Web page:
The Run – a late appearance by the MADCOW:

The run was as flat as a pancake. I was feeling good and wondered when that feeling would end. I was estimating right around 10 miles the bottom would fall out. This was the point of the race in which I was waiting for. It’s really a matter of fortitude. There is this line that clearly tells you that you are entering into a zone a lot of people don’t want to visit. It’s just you and your thoughts, and its what I call ‘the raw reality’ of the race. You can convince yourself that you have to stop; the pain is too great; that you have to walk, yet that little voice in the back of your head knows better. It knows that you could have gone harder if only you had pushed a little more, accepted a little more pain. This is my favorite part of the race. You can almost look at yourself from the inside out and see a part of you that you have never seen before. I think you find out what you are made of when you enter into this realm. But that was for later, for now, I had a race to finish. At mile two this red headed guy goes screaming by me and I ask him how long he is going to run that pace. Well I jump in behind him thinking, “Heck, I can run this pace, no problem.” That lasted about ½ a mile when my lungs were saying, “Hell no! No thank you.” So I let the red head go on, thinking he either would break the course record or die trying. I later saw him walking at mile 16 when I was chugging on by. Needless to say he wasn’t breaking any course records that day. I thought to myself: ‘Another one bites the dust.’ I was running well until about mile 15. I could count on one hand the number of people that had passed me. My legs were feeling great, but the pounding my quads were taking took its toll. I was pretty beat up, but my promise to myself was ‘No unnecessary walking.’ The severity of the cramping caused me to shorten my stride and I had to do more of a quick shuffle then a stride. I was relegated to running slower then I wanted to, but at least I wasn’t walking. This was my moment of truth. I had entered the zone. The nutritional plan for the run was to drink two glasses of Gatorade at every aid station (every mile) and one GU gel every 3 miles. After 15 miles I was drinking Coke too. This is strictly a last ditch effort to keep my energy levels up. The key is to drink it at every aid station but they ran out at some aid stations, which means I had to come up with some creative ways to ingest some sugar. As I was going by mile 20 this volunteer gave me a sugar cookie which there was no way I could chew. So I threw some Gatorade into my mouth with it and it dissolved instantly. I wouldn’t recommend this but for the time being it worked. I almost choked on what I couldn’t get down but what I did get down kept me going to the next aid station. This stretch from mile 20 to 23 was where I really wanted to stop and say, “Enough.” Once I hit mile 23 it was completely dark. My goal was to finish in the daylight and now that plan was out the window. I hadn’t looked at my watch since 6 miles into the run, so I had no idea what time it was. At mile 23 I realized I only had three more miles left in my race season, so that picked me up a little. I thought of all my friends who had supported me during the year. I was thinking nothing but positive thoughts in order to get towards the finish line one step at a time. There was this other triathlete I was closing in on as I neared the last few miles. His girlfriend kept yelling at him in Chinese and he kept running then stopping then running. He would sprint past me only to stop and I would just chug on by. Eventually, as we got closer to the finish I kept thinking, “I have to beat this guy” but all of the sudden here he comes – it’s the MADCOW. There was no way he was going to let some guy who was walking beat him. MADCOW reached down and just gave it everything he had to beat the Chinese guy. He kept pretending the Chinese girl was saying bad things about him in Chinese. “Are you going to let that little American MADCOW beat you?” That motivated the MADCOW! As the MADCOW entered the finishing area he started the famous Garufi* (trademark Dave Garufi 1999) fist pump about 50 yards out. He was psyched and the fans could tell. MADCOW crossed in 10:39:05. Tired, happy and all at once; very cold. I was shivering. The last few yards I thought my whole body would cramp up when I got to the finish line. Luckily I didn’t. I headed off to the massage tent right after I grabbed some pizza. A successful season was over and I was looking forward to next year. To think I came that close to giving all this up. The massage was good, the pizza better and 1/2 gallon of ice cream after the race was the best!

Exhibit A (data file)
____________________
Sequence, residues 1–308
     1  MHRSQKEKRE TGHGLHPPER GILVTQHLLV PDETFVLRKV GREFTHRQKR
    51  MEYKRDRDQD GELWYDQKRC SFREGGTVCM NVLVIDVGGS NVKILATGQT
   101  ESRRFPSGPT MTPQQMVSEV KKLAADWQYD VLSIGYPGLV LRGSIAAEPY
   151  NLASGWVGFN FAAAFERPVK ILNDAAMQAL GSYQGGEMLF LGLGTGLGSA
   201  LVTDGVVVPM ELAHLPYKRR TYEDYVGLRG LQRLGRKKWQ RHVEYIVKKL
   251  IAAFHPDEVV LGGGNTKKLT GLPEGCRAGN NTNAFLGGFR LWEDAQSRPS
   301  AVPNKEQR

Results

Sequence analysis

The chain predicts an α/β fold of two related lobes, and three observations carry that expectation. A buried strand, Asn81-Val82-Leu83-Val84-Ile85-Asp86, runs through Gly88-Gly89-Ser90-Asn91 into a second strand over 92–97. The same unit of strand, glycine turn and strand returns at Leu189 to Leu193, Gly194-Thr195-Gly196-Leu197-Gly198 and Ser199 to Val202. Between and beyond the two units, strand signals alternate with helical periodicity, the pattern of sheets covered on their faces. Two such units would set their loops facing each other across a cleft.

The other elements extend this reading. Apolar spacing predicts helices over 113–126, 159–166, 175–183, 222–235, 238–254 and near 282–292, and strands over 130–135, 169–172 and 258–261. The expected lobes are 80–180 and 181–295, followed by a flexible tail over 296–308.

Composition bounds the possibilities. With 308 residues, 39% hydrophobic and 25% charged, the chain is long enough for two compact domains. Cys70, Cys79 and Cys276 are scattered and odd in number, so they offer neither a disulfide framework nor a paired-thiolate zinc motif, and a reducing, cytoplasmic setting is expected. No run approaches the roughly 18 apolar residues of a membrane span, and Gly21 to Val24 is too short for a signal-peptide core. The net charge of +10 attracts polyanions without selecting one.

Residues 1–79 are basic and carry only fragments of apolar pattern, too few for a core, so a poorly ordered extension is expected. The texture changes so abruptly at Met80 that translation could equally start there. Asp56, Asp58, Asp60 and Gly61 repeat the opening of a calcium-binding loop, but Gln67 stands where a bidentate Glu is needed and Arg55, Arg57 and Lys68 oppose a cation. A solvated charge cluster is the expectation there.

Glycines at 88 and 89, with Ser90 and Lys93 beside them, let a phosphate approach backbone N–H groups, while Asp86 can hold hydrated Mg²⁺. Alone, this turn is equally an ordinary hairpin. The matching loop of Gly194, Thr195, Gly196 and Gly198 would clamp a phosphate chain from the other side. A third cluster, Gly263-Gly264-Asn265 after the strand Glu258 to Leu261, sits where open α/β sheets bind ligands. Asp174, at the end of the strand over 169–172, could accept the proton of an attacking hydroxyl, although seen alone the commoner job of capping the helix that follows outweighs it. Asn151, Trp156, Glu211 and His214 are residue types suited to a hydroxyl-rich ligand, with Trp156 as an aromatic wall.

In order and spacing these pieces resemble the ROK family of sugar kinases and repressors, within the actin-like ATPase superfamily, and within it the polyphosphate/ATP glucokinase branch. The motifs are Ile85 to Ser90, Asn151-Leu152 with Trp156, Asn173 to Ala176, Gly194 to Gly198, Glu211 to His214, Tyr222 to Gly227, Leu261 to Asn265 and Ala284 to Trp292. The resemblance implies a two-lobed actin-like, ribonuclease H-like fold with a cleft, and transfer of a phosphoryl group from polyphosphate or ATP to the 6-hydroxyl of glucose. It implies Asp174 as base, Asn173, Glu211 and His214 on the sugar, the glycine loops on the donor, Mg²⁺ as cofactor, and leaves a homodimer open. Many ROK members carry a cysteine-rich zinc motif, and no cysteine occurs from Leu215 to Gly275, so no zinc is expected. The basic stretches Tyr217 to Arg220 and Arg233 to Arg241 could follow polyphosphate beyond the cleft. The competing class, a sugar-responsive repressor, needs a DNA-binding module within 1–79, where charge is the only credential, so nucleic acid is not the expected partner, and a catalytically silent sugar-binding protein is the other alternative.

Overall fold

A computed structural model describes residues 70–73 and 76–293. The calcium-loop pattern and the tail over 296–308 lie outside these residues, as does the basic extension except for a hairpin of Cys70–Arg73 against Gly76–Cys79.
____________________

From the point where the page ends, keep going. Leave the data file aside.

See you all next year with more tales from the MADCOW. Thanks to EVERYONE for your support, I couldn’t have done it without you.